Bund volatility sparks uncertainty around futures delivery

Changing cheapest-to-deliver status catches some traders off guard despite Finanzagentur intervention

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A cloud of uncertainty surrounds the cheapest to deliver on the September German Bund future, as increased volatility in bond yields forces the market to repeatedly reassess which Bund will ultimately qualify when the contract expires.

“This hasn’t happened for many, many years – that there has been doubt on what is the cheapest to deliver in such liquid products as the Bund,” says the head of rates trading at a European bank.

European government bond yields have been on an upward trajectory since the beginning of the year, moving in tandem with interest rate rises and bouts of volatility following comments by the European Central Bank regarding rate moves to deal with rising inflation.

German Bund yields for the 10-year bond have risen from -0.11% on January 3 to a recent high of 1.77% on June 21 (see figure 1).

A number of Bunds could potentially be the cheapest to deliver upon expiry of the September contract, but big movements in yields mean traders have found it difficult to work out exactly which one will play that role when the time comes.

“It’s still not clear which bonds will ultimately be cheapest to deliver. It can switch depending on the volatility or the market,” says Leonard Nederhof, senior fixed income trader at Rabobank.

Bunds must meet certain criteria to be eligible for delivery for the futures contract. They must be a long-term debt instrument issued by the German debt agency, Finanzagentur, with a remaining term of 8.5 to 10.5 years and an original term of no longer than 11 years. They must also have a minimum issue amount of €5 billion ($5.1 billion).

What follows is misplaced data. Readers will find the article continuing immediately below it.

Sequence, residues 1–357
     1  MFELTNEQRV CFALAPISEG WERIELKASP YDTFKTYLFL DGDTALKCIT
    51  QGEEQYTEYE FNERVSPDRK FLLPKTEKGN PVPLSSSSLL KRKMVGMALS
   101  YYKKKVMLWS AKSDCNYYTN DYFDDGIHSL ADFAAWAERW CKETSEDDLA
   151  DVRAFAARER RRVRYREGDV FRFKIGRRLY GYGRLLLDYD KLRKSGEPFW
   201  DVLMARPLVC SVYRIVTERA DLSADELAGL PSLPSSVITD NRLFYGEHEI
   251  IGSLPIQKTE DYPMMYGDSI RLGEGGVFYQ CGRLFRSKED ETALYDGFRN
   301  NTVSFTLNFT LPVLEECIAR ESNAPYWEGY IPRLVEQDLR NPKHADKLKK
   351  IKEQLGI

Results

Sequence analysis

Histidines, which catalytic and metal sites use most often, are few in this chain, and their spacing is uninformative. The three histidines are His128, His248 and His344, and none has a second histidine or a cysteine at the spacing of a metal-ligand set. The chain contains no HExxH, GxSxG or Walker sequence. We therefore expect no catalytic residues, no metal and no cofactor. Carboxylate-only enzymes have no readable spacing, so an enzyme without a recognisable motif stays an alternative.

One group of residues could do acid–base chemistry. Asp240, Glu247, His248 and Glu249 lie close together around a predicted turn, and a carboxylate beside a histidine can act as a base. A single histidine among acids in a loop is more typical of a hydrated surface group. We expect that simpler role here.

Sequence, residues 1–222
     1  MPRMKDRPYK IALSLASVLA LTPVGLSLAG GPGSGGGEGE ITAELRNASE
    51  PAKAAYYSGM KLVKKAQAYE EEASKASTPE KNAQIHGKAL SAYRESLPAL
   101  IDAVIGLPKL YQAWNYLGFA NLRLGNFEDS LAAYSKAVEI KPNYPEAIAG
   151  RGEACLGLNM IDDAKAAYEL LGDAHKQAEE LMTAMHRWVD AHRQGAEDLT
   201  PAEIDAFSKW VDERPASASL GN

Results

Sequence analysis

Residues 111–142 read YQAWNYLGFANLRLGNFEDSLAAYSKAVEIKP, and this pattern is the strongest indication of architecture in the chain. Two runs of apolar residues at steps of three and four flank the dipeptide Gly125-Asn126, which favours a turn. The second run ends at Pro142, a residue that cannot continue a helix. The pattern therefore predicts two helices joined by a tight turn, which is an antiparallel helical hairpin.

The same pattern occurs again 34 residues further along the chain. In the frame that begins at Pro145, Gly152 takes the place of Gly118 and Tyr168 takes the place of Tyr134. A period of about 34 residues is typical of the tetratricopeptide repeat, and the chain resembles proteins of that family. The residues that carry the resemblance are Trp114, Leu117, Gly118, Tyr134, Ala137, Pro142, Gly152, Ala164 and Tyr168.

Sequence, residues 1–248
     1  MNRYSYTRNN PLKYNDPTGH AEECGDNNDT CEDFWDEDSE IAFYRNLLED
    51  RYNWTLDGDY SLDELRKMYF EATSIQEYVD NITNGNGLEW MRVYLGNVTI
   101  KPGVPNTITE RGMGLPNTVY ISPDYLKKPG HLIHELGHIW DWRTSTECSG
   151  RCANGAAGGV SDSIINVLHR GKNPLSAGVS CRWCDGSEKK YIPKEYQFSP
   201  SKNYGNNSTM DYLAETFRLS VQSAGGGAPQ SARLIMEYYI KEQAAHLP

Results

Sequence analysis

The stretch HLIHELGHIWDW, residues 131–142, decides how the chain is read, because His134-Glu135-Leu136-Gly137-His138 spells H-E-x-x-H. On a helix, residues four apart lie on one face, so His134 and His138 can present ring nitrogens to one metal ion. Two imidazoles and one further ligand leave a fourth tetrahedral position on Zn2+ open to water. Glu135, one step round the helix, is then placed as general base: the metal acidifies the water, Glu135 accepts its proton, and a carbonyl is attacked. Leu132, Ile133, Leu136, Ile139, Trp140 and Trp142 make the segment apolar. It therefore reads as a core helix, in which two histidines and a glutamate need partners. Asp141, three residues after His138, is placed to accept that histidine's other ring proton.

In June, it was assumed that the 0% August 2031 Bund would be the cheapest to deliver into the September contract. But Finanzagentur was at the same time preparing to issue a 10-year Bund on July 6, maturing in 2032, that could also qualify.

As the coupon had yet to be fixed, and given the volatility in the market, there was uncertainty about whether this Bund would be the cheapest to deliver. As Bunds trade above futures, traders looking to capture the basis typically sell the Bund and buy the future. But as it appeared that the Bund they had sold might not be the one they received at expiry, traders looked to reverse the trade by buying the Bund and selling the future.

This activity was reflected in the net basis between the cheapest-to-deliver cash bond and the September future, minus the carry value of the bond – which is the difference between the bond yield and the financing costs. This difference was 0.155 on June 1 but had widened to 0.6 by June 16, according to Bloomberg data (see figure 2).

 

 

Finanzagentur was watching this part of the market closely, as uncertainty in the futures market could be bad for the upcoming Bund auction.

“Clarity and transparency with regard to the cheapest bond to deliver is important, as functioning futures markets are a prerequisite for smooth secondary market trading and thus for successful auctions in the primary market,” says a Finanzagentur spokesperson.

 

 

To prevent uncertainty around the bond issuance, Finanzagentur did something it had never done before. On June 21 it pre-announced the coupon of the new bond, more than two weeks ahead of the issuance date.